Circassian Beauties – Beauty, Bondage and Barnum

Victorian people were fascinated by Circassian Beauties. 

From the middle ages, Circassian women were considered the most beautiful in the world.

Their North Caucasus homeland stretches along the Caucasian mountain range at the crossroads of Europe and Asia, bounded by Russia and the Middle East.

For the notion of Circassian Beauties, we can partly thank Cosimo de’Medici, who had an illegitimate son with a Circassian slave.

The pseudo-science of Johann Friedrich Blumenbach further fuelled the idea of Circassian beauty.

His infatuation with a skull saddled Circassians with a reputation as “the purest and most beautiful whites”.

And it’s why every year millions of people around the world still describe themselves as being ‘White Caucasian’.

Blue-Eyed Cats

A painting by Abdülmecit II of the Ottoman Empire depicting his own Circassian imperial consort

Circassian women were renowned as high-status slaves, particularly in the Ottoman Empire.

Their reputation for being extremely beautiful and elegant became a trope in Western Orientalism

Voltaire describes Circassian women at a harem:

These maidens are very honorably and virtuously instructed how to fondle and caress men; are taught dances of a very polite and effeminate kind; and how to heighten by the most voluptuous artifices the pleasures of their disdainful masters for whom they are designed.

Circassians were famous for having “rosy pale” or “translucent white skin”.

While most had fair or dark blonde and red hair combined with greyish-blue or green eyes, many also paired very dark hair with very light complexions.

Their harem rivals envied Circassians for their “whiteness”, damning them as part of the “hateful race of blue-eyed cats.”

 

Circassian Beauties and Lotions

Beauty product advertisements, from the 18th century on, used the lure “Circassian” in the title.

“Circassian Lotion” was sold in 1806 for the skin, at fifty cents the bottle.

A snip, if it did all it claimed!

“A sovereign remedy for surfeits, scorching from the heat of the sun, freckles, blights from cold and chills of winter, scorbutic, pimples or eruptions of the face and skin, however violent or disfigured, animalcula generated under the cuticle or outer skin, prickley heat, shingles, ring worms, redness of the nose and chin, obstinate cutaneous diseases, and for every impurity or unnatural appearance with which the skin may be affected; to be used as a common wash for clearing and improving the complexion, and in a superior degree to preserve, soften, cleanse and beautify the skin”.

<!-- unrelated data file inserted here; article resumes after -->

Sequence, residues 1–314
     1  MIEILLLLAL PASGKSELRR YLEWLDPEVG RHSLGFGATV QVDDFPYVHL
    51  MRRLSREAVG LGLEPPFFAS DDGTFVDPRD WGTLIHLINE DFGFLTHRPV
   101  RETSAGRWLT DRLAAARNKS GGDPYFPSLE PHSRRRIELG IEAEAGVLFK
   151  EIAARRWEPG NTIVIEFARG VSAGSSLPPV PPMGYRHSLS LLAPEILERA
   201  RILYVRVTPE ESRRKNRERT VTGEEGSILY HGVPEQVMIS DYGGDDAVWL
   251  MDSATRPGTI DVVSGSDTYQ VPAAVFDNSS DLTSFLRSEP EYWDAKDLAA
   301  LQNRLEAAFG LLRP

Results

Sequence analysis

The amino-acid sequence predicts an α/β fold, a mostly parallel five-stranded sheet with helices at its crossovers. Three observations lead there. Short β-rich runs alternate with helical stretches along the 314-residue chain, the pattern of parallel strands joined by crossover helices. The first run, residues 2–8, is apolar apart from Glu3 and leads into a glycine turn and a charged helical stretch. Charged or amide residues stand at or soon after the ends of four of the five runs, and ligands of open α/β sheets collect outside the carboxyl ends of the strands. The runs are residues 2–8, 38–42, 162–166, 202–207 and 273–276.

The Circassian figure was much admired.

In the late 18th century, Western European couturiers claimed that

“the Circassian Corset is the only one which displays, without indelicacy, the shape of the bosom to the greatest possible advantage; gives a width to the chest which is equally conducive to health and elegance of appearance.”

Moss-haired Girls

 

B.T. Barnum saw the profit in this idea of gorgeous, languorous slave-girls from an exotic land.

In a letter of May 1864, Barnum authorized his agent, John Greenwood Jr., to spend up to $5,000 in gold each (a huge sum in that day) for two Circassian beauties.

When Greenwood failed to slip into Istanbul slave markets, Barnum signed up Catholic Irish girls from Lower Manhattan to perform as “Circassian Beauties”.

There were a few job requirements:

The woman must be pretty, or even beautiful, by Victorian standards.

She would wear exotic clothing, generally more revealing than that worn by European and American woman of that era.

She might display striking jewelry and other ornaments, such as strings of pearls or richly embroidered clothes.

Must have a name with Z in it like Zalumma Agra, Zuruby Hannum, Azela Pacha, Zribeda, and Zoledod.

Big hair.

 

Entirely Barnum’s invention (along with the Z names), the “big hair” was a huge mass of hair, washed in beer and egg-whites and teased to a fake afro.

It was done up “in a great mass, like the boll of a ripened dandelion,” one journalist wrote, and was large enough to “just about fit a bushel basket.”

“The hair may have been an effort to suggest blackness … a nod to popular conceptions of African female sexuality,” wrote Charles King, an expert of the Caucasus at Georgetown University.

The trend spread, with supposedly Circassian women featured in dime museums and traveling medicine shows, sometimes known as “Moss-haired girls”.

When the original fad dimmed, they introduced traditional circus acts, like sword swallowing.

Circassian Day of Mourning

Circasian Day of Mourning

All this fantasizing about Circassian Beauties didn’t stop the Russians from wiping out most of their race.

In 1864, The Circassian people suffered a genocide you probably haven’t heard of.

Those who survived the 101-year long Russo-Circassian war were exiled from their own country.

Most of these died while being transported to Ottoman lands.

So many died at sea many Circassians didn’t eat fish for years in memory of their loved ones.

Today 90% of people of Circassian descent now live in other countries rather than their homeland.

 

Every May 21st is Circassian Day of Mourning.

Siobhan is a freelance writer, research addict and lover of twisted history. If you like horrible but amazing history, check out her website www.interesly.com or Facebook page https://www.facebook.com/interesly. Or you can reach her through www.siobhanoshea.com.